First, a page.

If by "year round usage" you mean the heat pump is running many hours per day during most months, then yes. But having more people using hot water will not save you money unless your HP and DSH are able to keep up -- more people will just deplete the buffer tank faster and your powered water heater will run more often. As someone said earlier, it's all about how much the heap pump runs but don't be fooled by advertising. It may not work as well as you hope. The attached graph taken just a few minutes ago shows four consecutive days where my HP ran continuously for at least 7 hours and was typically producing only a 20 deg rise in the buffer tank. See highlights in yellow boxes. I don't know if my setup is typical of all DSH, but this data is normal for mine. Maybe someone else who tracks their system performance can offer more data.
     

    Attached Files:

  16. docjenser

    docjenser Well-Known Member Industry Professional Forum Leader

    Yes, but the small tank being hotter will cause the heat element in the second tank to turn on less, unless you are using a large amount of hot water relatively continue sly. And your graph #11 shows that you are using between 50-120 kWh/month for your hot water using an electric tank, which is at $0.12/kwh anywhere between $6-12/month. The rest is generated by your DSH, which is very very good. Your 4 ton unit only ran 3.7 hours in 1st stage in the last 12.8 hours, and your buffer tank is still at 110F, suggesting a good DSH contribution.

    It appears you are interpreting your WEL data incorrectly.
     
  17. Stickman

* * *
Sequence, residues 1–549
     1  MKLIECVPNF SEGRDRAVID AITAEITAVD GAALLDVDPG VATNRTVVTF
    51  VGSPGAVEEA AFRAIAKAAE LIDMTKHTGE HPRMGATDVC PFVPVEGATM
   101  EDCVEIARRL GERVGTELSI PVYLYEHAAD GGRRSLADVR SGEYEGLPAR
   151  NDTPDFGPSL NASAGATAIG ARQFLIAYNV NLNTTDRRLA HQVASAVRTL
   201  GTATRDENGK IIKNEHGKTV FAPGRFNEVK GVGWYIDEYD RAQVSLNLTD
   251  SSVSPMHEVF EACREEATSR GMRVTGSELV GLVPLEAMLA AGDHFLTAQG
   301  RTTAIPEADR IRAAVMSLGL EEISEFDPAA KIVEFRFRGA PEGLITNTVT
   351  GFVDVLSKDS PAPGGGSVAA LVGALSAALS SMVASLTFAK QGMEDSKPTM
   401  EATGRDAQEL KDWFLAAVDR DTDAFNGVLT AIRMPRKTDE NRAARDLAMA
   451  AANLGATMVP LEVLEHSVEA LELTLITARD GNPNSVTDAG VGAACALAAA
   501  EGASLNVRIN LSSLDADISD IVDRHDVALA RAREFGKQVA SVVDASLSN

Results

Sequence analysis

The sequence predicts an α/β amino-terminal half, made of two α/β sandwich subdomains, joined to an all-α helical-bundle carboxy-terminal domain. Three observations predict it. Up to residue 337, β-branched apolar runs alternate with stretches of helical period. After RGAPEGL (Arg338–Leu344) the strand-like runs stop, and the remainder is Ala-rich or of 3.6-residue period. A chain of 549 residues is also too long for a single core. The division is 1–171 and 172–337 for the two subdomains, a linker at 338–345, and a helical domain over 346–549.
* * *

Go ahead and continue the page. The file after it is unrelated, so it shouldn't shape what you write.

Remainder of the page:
Stickman Active Member Forum Leader

    Attached is a PDF with pictures of my buffer tank installed. Sorry for the delay in posting.
     

    Attached Files:

  18. docjenser

    docjenser Well-Known Member Industry Professional Forum Leader

    Your HP is mostly cycling in first stage, your DSH brings up your temp nicely when continuously running, but then it starts cycling again and does not get above 115-120, most of the time it feeds the final tank with 115 hot water. Then it drops down in the morning (presumably after showering) to 85F. Then your heatpump is cycling in the morning, which brings up your buffer tank again to about 100F, and starts to run full either in 1st or second stage for about 7 hours, which results in 115-120F. This seems to be the pattern during weekdays, weekend has lesser hot water usage in the morning. Overall it runs ideally and appears to save you a lot of energy for DHW. If you claim the opposite, why don't you shut off the DSH pump next month and see where your hot water energy consumption goes? I bet you will be surprised to find out how much the DSH actually saves you.
     
  19. gnick

    gnick New Member

    I have not performed any serious analysis of my data. I'm just saying that the difference between my high months and low months is not great, and even in low HVAC use my water heater only uses 120-130 kwh so the potential savings cannot be very great. I'm not saying the DSH isn't worthwhile. The attached graph shows DSH performance and WH runtime during four days last Nov that began with a period of mild weather (65 F outdoors) and then a 34 degree cold front. The difference in buffer tank temperature and WH runtime is significant -- it just doesn't result in a large cost difference.
     

    Attached Files:

  20. AMI Contracting

    AMI Contracting A nice Van Morrison song Industry Professional Forum Leader

    As folks say YMMV